This is a post out of the ordinary. Tom Wolfe, a groundbreaking American author passed away yesterday. His death resonated with me for two reasons. The first was I was planning and calling my mother anyhow and she had very briefly dated Tom Wolfe when she was growing up. I anticipated it to be a depressing call. The second, and more relevant was that Tom taught me a very important lesson when I read his book “From Bauhaus to Our House”.
In “From Bauhaus to Our House”, a professor/artist, Josef Albers taught the famous introductory class for Bauhaus. Wolfe wrote that Albers would walk into the room and drop piles of newspapers on the table and tell the students to take an hour and turn them into works of art. Students would turn in Gothic castles made of newspaper. Yachts made of newspaper, airplanes, birds etc… Occasionally there would be one student who would turn in a simple tent. From the book “Albers would pick up the cathedral and the airplane and say, ‘These were meant to made to stone or metal, not newspaper.’ Then he would take up the [student’s] absent-minded tent and say, ‘But this! this makes use of the soul of paper. Paper can fold without breaking. Paper has tensile strength and a vast area can be supported by these two fine edges. This is a work of art in paper.’”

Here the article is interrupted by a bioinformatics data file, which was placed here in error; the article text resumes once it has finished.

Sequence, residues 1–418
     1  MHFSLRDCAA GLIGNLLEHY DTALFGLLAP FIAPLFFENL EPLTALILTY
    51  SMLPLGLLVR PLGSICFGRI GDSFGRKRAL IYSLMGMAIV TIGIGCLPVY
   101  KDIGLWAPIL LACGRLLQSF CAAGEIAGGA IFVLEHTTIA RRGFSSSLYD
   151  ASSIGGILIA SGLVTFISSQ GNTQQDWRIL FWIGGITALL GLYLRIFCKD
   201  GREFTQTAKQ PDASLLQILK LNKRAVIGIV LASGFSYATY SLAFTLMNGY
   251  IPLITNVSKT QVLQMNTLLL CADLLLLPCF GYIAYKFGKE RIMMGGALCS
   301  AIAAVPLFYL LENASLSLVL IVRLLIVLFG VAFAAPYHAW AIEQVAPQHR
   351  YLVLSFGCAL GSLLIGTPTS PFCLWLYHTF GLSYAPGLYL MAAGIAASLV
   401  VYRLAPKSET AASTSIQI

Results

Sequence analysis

The lesson here is that the proper application supersedes all. Modern technology might be great but in certain applications it isn’t the right fit and leads to less than elegant solutions. It’s fantastic when you find the perfect fit between the approach and the solution. As an example I recently bought a smart irrigation timer. It is a perfect match for the use of computer chip, wifi, and outdated technology. It knows when its supposed to rain, if it did in fact rain, how much water is needed according to certain criteria, and it integrates easily with existing components. Truly elegant!
Look for the elegant solution, where “it just makes sense”. Try to avoid forcing the issue or putting the right element in the wrong approach, given its characteristics. This applies to technology, people, and communications among many things. Thank you for the life lesson, Tom!
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